A review into the death of Fife toddler Liam Fee has found that child protection officials “missed opportunities” to intervene.
The Significant Case Review was launched after the two-and-a-half year old’s mother Rachel Fee and her partner Nyomi Fee were convicted of murder.
He was killed at his home in Thornton, near Glenrothes, Fife, in March 2014.
The report said his carers were “manipulative, devious and hindered services”.
It said they used “disguised compliance” to play one professional against another.
Independent chair of Fife’s Child Protection Committee Alan Small said: “Rachel Trelfa (Fee) and Nyomi Fee not only took the life of their child, but did their best to hinder the services that were there to help him.
“We deeply regret that our services did not do more to support Liam, and potentially prevent the tragic outcome of this case.”
He said the review painted a picture of services that struggled to see through the actions of “devious and manipulative parents”.
“There were missed opportunities across services to intervene and provide support to the family and services are aware that they could have done better to support Liam.
“It’s clear that professionals who were making strenuous efforts to act in Liam’s interests were drawn in by the demands and needs of Liam’s mother and her partner who were adept at playing the system, using ‘disguised compliance’ to play one professional against another.”
Rachel Fee, or Trelfa, now 32, and her civil partner Nyomi Fee, 31, had denied killing Liam, blaming his death on one of two other young boys also in their care.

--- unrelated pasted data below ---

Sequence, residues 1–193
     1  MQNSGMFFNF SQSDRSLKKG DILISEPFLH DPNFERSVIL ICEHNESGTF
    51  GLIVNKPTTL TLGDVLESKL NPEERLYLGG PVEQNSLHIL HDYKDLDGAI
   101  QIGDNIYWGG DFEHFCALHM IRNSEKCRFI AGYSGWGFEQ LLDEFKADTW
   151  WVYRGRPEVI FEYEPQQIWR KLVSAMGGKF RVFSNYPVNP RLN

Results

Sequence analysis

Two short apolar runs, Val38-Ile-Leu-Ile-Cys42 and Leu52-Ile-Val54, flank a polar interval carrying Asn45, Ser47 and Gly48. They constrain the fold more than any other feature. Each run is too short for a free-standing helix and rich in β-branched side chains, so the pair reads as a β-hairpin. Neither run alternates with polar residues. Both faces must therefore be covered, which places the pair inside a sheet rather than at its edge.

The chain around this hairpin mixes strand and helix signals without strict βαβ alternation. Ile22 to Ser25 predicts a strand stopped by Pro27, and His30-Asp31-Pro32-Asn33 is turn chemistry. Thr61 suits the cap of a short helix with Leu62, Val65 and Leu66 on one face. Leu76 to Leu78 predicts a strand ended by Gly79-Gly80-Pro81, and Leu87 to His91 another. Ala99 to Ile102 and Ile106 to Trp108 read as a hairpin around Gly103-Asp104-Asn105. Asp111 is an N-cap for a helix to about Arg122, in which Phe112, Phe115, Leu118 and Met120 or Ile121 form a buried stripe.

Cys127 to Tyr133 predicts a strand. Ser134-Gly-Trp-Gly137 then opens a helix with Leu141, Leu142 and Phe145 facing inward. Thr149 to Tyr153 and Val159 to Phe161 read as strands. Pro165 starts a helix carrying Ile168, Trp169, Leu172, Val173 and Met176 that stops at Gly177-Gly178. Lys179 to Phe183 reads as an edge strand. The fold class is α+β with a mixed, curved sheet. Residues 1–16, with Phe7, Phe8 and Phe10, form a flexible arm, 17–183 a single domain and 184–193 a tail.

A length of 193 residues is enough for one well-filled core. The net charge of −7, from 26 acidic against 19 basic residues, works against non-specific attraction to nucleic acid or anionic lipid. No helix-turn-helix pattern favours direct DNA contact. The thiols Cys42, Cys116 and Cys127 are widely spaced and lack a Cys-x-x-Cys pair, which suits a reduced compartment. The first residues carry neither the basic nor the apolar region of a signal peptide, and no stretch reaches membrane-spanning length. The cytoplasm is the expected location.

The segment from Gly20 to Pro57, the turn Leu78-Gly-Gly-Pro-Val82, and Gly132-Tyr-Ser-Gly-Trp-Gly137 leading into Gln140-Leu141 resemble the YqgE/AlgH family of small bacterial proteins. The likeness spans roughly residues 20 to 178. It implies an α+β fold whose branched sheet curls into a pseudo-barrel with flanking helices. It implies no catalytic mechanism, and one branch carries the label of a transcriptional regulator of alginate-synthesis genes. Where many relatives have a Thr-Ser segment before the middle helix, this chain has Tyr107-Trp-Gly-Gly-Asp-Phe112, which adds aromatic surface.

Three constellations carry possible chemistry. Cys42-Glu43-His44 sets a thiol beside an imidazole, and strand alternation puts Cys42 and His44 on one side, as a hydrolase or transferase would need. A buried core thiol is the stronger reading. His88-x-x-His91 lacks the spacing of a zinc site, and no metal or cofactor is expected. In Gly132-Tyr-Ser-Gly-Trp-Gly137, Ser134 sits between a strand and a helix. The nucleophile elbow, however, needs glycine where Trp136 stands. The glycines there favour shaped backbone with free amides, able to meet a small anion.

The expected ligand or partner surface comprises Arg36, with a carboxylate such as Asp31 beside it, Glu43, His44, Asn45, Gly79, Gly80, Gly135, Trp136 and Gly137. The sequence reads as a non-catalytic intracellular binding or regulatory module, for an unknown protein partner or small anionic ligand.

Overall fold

They were convicted of murder and a catalogue of abuse towards Liam and other children, including imprisoning one in a home-made cage and tying another naked to a chair in a dark room with snakes and rats.
During a seven-week trial last year, a number of witnesses told the High Court in Livingston they had raised concerns about the toddler’s health and wellbeing with social services.
His nursery alerted social services, worried by a change in Liam, and the fact that he was losing weight and had a number of injuries.
Liam’s childminder had also made her concerns known.
The court also heard from Patricia Smith, who used the same childminder. Ms Smith told the jury she phoned Fife Social Work department after meeting the Fees in the street.
‘Off the radar’
Liam was in his buggy but she told the court she didn’t know if he was drugged or dead.
A senior Fife social worker admitted in court that Liam “fell off their radar.”
A member of staff had gone off sick, no-one else was assigned and Liam’s case was not reviewed until further concerns were raised.
Liam Fee timeline
August 2011 – Liam Fee is born in Ryton, about eight miles west of Newcastle-upon-Tyne.
December 2011 – His mother Rachel Trelfa, as she was then, and Nyomi Fee move after Rachel leaves baby Liam’s father.
Early 2012 – The couple stay in a Travelodge at first and then move to a house at Thornton near Glenrothes.
June 2012 – The pair enter into a civil partnership, with Rachel taking her partner’s name
January 2013 – Liam is assigned a case worker at Fife social work after reports from his nursery on numerous injuries. A police officer and a social worker visit the family and accept Trelfa and Fee’s “plausible explanation” that he bumped his head.
April 2013 – Liam’s case worker goes off sick and no-one else is assigned to monitor the family.